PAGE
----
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Water stress causes differential effects on germination indices, total soluble sugar and proline content in wheat (Triticum aestivum L.) genotypes

Permanent URL:
http://handle.nal.usda.gov/10113/57445
Abstract:
Different cultivars differ inherently in their response to drought and those cultivars best adapted to growth in arid and semiarid conditions form the most uniform and vigorous stands when grown under water deficits. The seeds of five wheat cultivars (GA-2002, Chakwal-97, Uqab-2000, Chakwal-50 and Wafaq-2001) were subjected to five different levels of osmotic stress; 0 bars (distilled water, control), -2, -4, -6 and -8 bars to assess the effect of osmotic stress on germination percentage, mean germination time, coleoptile length, proline and sugar amounts. The investigations were performed as factorial experiments under complete randomized design (CRD). Germination percentage, mean germination time and coleoptile length were shown to decrease with increasing osmotic stress, whereas a progressive increase in proline and sugar content were observed with increasing osmotic stress. The response of five cultivars examined under various levels of osmotic stress differed dramatically. Chakwal-50 and GA-2002 were amongst best performers, showing high germination rate, longest coleoptile length, highest proline values and sugar contents when compared with other cultivars under stress conditions. These were proven to be the most tolerant cultivars. Performance of Wafaq-2001 and Uqab-2000 were poor when compared to the other cultivars under limited water stress conditions.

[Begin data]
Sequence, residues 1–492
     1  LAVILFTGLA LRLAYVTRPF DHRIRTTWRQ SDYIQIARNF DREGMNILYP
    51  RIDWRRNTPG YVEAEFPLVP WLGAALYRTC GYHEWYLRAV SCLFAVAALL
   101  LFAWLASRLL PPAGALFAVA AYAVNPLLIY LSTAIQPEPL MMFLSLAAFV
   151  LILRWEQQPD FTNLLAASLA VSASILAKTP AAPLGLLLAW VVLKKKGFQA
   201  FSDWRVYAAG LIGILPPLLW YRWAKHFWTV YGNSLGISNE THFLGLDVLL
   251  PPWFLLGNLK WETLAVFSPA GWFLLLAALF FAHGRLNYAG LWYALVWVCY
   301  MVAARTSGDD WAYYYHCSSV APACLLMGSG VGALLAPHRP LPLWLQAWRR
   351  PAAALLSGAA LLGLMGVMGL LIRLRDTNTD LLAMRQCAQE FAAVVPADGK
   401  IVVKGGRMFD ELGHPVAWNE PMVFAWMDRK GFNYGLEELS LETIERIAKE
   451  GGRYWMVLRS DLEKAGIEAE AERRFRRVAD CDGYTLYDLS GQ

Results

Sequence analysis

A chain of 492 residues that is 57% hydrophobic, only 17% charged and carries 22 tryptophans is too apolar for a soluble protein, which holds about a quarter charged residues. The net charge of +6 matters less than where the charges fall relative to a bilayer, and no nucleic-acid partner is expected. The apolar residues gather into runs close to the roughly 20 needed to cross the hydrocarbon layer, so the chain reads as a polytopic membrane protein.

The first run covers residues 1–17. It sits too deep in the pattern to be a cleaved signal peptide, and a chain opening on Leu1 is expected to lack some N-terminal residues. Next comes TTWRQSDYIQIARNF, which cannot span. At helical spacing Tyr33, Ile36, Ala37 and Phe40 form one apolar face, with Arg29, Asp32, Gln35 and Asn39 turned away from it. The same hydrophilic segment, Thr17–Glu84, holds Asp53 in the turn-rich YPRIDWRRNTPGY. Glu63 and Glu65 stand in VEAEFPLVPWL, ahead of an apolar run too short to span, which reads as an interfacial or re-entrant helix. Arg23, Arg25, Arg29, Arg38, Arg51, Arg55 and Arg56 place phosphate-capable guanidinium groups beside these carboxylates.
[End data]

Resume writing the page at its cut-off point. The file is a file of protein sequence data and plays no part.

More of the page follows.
Author(s):
Abdul Qayyum , Abdul Razzaq , Muhammad Ahmad , Matthew A. Jenks
Subject(s):
Triticum aestivum , arid zones , coleoptiles , cultivars , drought , drought tolerance , genotype , germination , osmotic pressure , proline , semiarid zones , sugar content , water stress , wheat
Source:
African Journal of Biotechnology 2011 10 19 v.10 no.64
Language:
English
Year:
2011
Collection:
Journal Articles, USDA Authors, Peer-Reviewed
File:
Download [PDF File]
Rights:
Works produced by employees of the U.S. Government as part of their official duties are not copyrighted within the U.S. The content of this document is not copyrighted.